By Jamie Bruce Lockhart
Clapperton used to be born in Annan within the Scottish borders in 1788. Like many Scots of his new release, he observed provider at sea because the route to status and riches within the British Empire. through the Napoleonic Wars he served within the Mediterranean and the East Indies, and at the nice Lakes of Canada within the battle with the U.S..
After his discharge as a lieutenant in 1817, boredom and thirst for event spurred him to exploration in Africa. He participated in expeditions to map the Niger and the sizeable unexplored hinterland of the Guinea coast, and had command of the second one of those - a whole scale diplomatic undertaking to a sector of massive value to Britain's burgeoning political and advertisement imperial pursuits.
Jamie Bruce Lockhart has retraced Clapperton's footsteps and takes the reader via woodland, wilderness and extremes of weather. during this bright and sympathetic biography the reader witnesses Clapperton's adventures, hopes, fears, misfortunes and his finally lonely fate.
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Additional info for A Sailor in the Sahara: The Life and Travels in Africa of Hugh Clapperton, Commander RN
Convicted of smuggling and given the option of imprisonment or impressment, he chose the latter and, on 8 February 1806, was duly bound over to serve in His Majesty’s navy. Two weeks later he was sent to Spithead on board a crowded naval transport. He could not accept that his actions had in any way constituted a crime; he had simply been doing his landlady a kindly favour and he considered the sentence handed down to him to be not only unwarranted but manifestly inappropriate. Once entered, naval service was for life; there were only three ways out of the Navy: death, discharge or desertion.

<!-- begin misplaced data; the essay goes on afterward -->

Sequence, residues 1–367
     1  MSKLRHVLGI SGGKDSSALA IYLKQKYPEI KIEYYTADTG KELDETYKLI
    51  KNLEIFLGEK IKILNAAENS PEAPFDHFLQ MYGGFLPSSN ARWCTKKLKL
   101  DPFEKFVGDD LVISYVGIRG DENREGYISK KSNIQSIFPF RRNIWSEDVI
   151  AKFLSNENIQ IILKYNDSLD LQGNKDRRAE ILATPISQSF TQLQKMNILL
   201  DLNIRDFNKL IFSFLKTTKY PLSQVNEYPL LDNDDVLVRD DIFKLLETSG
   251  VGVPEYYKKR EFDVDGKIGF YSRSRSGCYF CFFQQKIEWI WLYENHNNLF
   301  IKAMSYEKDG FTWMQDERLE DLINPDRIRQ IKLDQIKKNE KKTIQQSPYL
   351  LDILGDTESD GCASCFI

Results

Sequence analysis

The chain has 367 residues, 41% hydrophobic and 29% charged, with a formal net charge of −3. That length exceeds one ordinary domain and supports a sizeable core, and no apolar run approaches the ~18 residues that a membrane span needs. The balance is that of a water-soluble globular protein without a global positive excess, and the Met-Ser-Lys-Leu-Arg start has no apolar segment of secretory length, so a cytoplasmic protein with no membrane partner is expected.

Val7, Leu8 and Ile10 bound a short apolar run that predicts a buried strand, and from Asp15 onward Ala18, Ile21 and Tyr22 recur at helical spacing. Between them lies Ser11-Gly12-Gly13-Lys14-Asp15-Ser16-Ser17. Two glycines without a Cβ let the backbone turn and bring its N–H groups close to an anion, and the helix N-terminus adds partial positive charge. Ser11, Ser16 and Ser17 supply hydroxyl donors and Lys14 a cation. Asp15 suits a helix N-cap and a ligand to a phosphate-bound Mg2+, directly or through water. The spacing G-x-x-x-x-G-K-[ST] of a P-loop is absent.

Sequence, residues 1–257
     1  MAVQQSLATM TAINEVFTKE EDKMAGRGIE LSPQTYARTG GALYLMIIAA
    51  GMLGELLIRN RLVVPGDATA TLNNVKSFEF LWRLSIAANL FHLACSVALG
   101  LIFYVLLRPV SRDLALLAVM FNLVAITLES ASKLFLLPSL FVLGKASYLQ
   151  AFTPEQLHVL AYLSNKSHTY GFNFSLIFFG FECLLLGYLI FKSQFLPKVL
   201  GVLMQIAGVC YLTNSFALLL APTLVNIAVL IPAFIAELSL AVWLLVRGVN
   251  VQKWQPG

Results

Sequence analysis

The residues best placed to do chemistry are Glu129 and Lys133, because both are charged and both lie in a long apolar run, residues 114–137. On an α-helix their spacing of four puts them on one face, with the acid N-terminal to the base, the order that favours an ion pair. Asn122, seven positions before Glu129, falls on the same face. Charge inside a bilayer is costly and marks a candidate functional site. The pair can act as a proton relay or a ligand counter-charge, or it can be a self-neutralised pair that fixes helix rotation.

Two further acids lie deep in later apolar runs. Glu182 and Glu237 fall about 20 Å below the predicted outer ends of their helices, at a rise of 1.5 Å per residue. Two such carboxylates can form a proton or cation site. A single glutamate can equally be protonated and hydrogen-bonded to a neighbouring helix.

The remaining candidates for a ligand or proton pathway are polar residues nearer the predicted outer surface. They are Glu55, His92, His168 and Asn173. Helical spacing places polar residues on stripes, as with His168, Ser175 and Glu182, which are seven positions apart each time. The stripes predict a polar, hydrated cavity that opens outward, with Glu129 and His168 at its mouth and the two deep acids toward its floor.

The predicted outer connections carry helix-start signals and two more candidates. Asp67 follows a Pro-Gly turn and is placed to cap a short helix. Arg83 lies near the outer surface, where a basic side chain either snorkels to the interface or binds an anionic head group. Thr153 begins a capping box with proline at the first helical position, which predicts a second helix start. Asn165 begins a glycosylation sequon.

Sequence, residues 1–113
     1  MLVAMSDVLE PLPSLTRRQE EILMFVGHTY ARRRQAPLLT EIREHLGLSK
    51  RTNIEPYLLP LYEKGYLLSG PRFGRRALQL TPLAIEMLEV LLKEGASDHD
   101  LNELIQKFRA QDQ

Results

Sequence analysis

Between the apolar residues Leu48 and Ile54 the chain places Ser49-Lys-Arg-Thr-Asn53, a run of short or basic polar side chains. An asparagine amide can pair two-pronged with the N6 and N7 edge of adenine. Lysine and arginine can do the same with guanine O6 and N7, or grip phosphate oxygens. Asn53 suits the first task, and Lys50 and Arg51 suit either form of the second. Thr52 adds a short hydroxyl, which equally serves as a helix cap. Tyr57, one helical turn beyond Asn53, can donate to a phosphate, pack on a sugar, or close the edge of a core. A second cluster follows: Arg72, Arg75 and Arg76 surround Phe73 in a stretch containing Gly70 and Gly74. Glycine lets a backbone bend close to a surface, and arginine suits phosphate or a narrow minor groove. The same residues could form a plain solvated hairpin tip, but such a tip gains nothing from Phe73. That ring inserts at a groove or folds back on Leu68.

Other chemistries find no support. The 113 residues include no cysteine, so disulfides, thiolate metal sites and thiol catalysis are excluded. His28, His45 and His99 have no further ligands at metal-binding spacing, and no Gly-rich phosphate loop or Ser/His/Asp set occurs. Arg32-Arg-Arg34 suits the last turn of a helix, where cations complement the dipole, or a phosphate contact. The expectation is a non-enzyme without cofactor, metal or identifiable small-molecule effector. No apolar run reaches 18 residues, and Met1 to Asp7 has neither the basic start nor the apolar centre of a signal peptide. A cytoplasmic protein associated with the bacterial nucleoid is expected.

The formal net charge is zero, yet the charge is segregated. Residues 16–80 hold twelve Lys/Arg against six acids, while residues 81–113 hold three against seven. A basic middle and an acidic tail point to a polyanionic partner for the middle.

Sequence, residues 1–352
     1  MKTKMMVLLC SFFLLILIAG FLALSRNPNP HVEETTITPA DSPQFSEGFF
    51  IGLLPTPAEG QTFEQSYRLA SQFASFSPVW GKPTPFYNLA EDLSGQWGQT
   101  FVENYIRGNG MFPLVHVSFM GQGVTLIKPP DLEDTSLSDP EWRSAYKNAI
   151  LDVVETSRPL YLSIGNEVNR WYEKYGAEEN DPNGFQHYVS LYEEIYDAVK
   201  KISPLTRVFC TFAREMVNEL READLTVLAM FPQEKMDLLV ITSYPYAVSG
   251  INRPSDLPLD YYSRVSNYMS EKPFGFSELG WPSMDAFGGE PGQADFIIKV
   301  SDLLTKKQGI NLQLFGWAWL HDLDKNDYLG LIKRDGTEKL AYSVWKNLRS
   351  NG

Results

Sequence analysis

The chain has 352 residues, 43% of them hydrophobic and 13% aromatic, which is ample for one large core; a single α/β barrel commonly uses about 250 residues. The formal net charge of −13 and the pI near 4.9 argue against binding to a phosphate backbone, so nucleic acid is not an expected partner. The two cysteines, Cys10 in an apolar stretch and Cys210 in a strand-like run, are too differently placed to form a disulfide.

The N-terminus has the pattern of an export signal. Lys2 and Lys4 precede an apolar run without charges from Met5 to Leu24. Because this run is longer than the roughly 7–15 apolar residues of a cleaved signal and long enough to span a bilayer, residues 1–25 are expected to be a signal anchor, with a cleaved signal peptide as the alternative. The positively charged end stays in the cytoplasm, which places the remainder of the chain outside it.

Clapperton’s new shipmates had recently been in action off the coasts of Spain and Majorca; all operations had been carried out without loss of life and with few men wounded, prize money had been won and morale on board was high. In May 1807, Clapperton finally got his chance to see action when the frigate participated in the capture of a Spanish brig; and a few days later she seized a number of Spanish fishing boats. The dash and clash of cutting‐out actions in company with other British ships, and the pride and satisfaction afforded by swift, well‐executed manoeuvres in the relatively calm waters of the Mediterranean littoral were exhilarating experiences for the young Scottish able seaman.
Clapperton himself had sixteen general hands directly under him. Prolonged patrols in the South China seas would provide practical experience of command and serve to put on a solid, long‐term footing the vital patronage first conferred through family endeavours and since earned in action with Thomas Briggs. Because of the distances involved and all the difficulties in obtaining supplies en route, it was standard practice to refit and reprovision for remaining at sea for months on end. The master’s mate on board was accountable for all such tasks.
A Sailor in the Sahara: The Life and Travels in Africa of Hugh Clapperton, Commander RN by Jamie Bruce Lockhart